As I’ve shared my experience with others I’ve learned how common similar issues are.
Many have had problematic treatment for mental illnesses. It’s common for missionaries to only be prescribed an anti-depressant or similar drug and left alone. Medication helps, but in most cases further help is needed. Counseling, therapy, and changes in lifestyle are not always available or easily obtainable options for missionaries suffering from depression, anxiety, and other mental illnesses.
Many who come home early face harsh judgment and are pressured to get better quickly so they can finish their missions, often at the expense of proper recovery.
BYU has an interview system in place to make sure that missionaries who came home early “weren’t faking it” before being allowed back to study. One man who came home early after nearly dying from Lyme disease left his second interview in tears. His father, a BYU professor, had to come with him to the third interview to show BYU that his son was not faking his deadly illness.
Our mission presidents and their wives are human. I wish we didn’t place so much responsibility for our missionaries’ health on their untrained judgment. I believe that inspiration goes only as far as our knowledge allows. Most mission presidents and their wives are not medically trained; they shouldn’t have to make medical decisions.
Our missionaries are human as well, and less experienced. I wish they were always taken care of. They sacrifice more than enough to deserve decent health care. I wish they weren’t made to feel unworthy or weak for their reactions to stress, foreign diets and environments, and an extremely demanding schedule. No one says a mission is easy, but for those who get sick or injured it can become difficult in a very frightening way.
The current system is inadequate. We need better training and more open conversation about this problem. As more and more young men and women answer the call to serve at younger ages, we will see more and more come home early or suffer handicapped with serious health issues.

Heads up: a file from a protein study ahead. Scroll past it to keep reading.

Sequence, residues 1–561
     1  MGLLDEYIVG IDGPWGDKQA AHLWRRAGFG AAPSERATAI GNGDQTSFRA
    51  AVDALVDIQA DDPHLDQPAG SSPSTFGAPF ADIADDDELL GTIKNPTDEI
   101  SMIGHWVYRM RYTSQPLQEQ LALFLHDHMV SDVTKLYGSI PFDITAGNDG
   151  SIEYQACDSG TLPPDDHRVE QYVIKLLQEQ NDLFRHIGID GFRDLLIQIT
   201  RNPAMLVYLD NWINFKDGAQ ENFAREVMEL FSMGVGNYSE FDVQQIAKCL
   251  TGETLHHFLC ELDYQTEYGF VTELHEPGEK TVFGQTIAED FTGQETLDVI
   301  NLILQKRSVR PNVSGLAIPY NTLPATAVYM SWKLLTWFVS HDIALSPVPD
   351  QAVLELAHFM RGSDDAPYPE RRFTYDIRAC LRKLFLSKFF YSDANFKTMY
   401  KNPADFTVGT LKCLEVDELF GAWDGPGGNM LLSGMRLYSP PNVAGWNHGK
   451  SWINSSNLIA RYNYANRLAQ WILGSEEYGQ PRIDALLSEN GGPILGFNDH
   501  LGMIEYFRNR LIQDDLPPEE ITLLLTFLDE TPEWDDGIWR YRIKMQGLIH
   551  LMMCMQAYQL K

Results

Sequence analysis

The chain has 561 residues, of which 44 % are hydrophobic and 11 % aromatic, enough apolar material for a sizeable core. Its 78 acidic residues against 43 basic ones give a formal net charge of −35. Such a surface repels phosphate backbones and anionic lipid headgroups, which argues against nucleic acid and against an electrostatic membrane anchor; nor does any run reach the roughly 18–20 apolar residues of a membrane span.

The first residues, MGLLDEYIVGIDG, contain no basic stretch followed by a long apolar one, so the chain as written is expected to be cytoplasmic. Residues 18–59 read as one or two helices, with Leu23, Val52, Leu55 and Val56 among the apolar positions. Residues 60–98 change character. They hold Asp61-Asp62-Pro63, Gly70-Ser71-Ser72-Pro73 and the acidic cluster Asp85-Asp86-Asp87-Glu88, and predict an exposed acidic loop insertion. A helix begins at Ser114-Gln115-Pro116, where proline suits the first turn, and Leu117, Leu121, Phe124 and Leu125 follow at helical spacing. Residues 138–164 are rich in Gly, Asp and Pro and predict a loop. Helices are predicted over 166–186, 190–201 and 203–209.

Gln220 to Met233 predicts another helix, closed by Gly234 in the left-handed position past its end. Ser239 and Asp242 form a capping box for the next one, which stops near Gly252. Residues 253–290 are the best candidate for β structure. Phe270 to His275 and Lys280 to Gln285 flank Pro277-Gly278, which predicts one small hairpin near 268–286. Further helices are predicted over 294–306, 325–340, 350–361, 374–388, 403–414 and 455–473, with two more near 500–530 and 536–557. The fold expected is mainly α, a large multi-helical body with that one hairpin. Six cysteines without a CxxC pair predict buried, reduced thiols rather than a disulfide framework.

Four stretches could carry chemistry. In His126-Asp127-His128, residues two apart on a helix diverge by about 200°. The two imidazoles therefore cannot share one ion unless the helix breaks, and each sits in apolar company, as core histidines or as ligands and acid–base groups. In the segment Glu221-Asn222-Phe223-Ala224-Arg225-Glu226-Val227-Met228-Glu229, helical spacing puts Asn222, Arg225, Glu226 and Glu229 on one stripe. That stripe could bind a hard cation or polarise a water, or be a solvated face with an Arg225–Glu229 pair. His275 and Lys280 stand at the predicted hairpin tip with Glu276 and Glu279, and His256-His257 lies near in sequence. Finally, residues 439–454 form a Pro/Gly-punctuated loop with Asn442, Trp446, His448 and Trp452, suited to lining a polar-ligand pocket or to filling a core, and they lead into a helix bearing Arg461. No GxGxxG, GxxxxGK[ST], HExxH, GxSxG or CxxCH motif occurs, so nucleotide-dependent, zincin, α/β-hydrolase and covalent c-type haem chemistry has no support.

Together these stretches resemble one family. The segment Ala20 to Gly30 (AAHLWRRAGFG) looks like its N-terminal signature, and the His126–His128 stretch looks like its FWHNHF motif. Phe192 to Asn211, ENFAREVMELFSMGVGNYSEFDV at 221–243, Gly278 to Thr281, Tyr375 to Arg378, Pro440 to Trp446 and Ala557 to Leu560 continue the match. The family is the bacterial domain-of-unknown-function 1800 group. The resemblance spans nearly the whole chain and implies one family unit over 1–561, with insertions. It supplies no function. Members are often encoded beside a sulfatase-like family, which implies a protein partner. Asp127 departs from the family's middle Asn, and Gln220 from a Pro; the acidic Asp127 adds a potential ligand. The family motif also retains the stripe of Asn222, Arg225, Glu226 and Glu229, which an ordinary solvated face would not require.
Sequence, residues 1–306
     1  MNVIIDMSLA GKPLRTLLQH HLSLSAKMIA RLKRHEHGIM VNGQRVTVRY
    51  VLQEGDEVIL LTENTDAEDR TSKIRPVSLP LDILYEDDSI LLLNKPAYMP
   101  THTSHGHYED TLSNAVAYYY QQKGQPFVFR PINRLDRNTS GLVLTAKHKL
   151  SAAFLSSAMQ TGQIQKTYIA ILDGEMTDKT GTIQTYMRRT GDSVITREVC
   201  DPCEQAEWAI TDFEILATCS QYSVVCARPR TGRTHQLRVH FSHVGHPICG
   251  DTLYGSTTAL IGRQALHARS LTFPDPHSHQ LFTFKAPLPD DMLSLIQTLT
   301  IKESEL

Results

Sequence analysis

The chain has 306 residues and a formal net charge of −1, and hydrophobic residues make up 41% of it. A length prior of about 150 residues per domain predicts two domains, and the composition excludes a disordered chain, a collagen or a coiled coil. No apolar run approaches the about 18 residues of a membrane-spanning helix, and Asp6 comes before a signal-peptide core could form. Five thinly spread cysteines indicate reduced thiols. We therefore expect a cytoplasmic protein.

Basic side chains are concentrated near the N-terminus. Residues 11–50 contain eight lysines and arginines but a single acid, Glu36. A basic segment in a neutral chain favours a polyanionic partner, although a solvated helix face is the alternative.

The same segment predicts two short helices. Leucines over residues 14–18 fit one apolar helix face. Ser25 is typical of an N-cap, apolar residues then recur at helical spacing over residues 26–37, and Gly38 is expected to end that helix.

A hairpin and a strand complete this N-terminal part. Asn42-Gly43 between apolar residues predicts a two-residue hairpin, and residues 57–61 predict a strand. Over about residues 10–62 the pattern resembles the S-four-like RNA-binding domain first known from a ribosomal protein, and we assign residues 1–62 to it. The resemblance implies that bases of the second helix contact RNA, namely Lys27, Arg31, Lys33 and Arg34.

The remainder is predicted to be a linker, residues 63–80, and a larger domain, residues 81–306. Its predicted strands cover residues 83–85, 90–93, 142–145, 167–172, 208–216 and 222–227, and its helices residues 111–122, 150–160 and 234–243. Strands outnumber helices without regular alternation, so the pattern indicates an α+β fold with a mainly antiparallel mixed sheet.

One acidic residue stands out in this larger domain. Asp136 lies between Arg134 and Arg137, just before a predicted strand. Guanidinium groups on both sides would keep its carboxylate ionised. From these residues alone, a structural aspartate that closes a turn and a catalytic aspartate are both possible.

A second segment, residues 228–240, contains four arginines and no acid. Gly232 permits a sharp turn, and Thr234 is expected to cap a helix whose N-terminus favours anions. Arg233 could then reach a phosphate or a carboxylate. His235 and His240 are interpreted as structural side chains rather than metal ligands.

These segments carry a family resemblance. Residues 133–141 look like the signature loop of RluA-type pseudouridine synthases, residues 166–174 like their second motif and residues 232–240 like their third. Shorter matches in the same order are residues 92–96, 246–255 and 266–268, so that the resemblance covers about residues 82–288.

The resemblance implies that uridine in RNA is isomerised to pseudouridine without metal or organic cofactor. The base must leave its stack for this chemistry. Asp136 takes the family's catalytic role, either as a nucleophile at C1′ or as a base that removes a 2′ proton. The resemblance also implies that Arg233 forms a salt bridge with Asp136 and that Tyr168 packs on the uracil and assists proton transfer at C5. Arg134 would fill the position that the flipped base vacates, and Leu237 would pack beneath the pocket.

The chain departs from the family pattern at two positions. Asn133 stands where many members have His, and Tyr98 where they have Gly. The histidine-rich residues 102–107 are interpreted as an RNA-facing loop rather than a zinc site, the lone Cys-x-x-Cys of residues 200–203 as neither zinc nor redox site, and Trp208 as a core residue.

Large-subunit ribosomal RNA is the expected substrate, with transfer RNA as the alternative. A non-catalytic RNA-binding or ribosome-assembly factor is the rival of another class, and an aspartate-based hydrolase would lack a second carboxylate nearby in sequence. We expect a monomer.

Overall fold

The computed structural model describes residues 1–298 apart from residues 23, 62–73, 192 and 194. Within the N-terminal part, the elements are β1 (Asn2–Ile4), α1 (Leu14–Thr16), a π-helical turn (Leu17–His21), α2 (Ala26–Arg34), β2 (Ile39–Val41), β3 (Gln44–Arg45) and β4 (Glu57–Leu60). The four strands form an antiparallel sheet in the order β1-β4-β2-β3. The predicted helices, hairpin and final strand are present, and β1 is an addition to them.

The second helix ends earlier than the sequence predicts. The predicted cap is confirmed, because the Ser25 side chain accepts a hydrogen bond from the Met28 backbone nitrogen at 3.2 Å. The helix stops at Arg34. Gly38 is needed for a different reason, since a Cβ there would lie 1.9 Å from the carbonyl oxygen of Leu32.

With the help of others we are creating a plan to help improve the quality of missionaries’ health. We have created a website for people to share their stories. We’ve created a survey for returned missionaries about their experiences that will be presented to the Church Mission Department. We aim to raise awareness about the imperfect system of treating missionaries with health issues, both through regular members and through direct contact with church leadership. Some specific long-term goals for this project include:
– Provide an online resource for missionaries and families of missionaries to share their experiences dealing with health issues openly. Build a community to support them.
– Collect stories for a meeting with the Church Mission department.
– Decrease the number of injured or sick returned missionaries who become disaffected from the church due to misunderstandings with leaders and members.
– Provide better health-related training for the mission president and his wife in the MTC and during their missions.
– Call for an increased number of mission doctors. They are overworked.
– Provide better training for local ward and stake leaders for supporting missionaries who have had serious health issues.
– More pre-mission screening and treatment of physical and mental health issues.
To learn more about this project please visit www.purpleheartrms.com. If you experienced mild to severe health issues on your mission please take our 10-minute survey or submit your story to us. Also, consider sharing this information with people you know who may have an interest in this project by liking and sharing our Facebook page (Purple Heart RMs).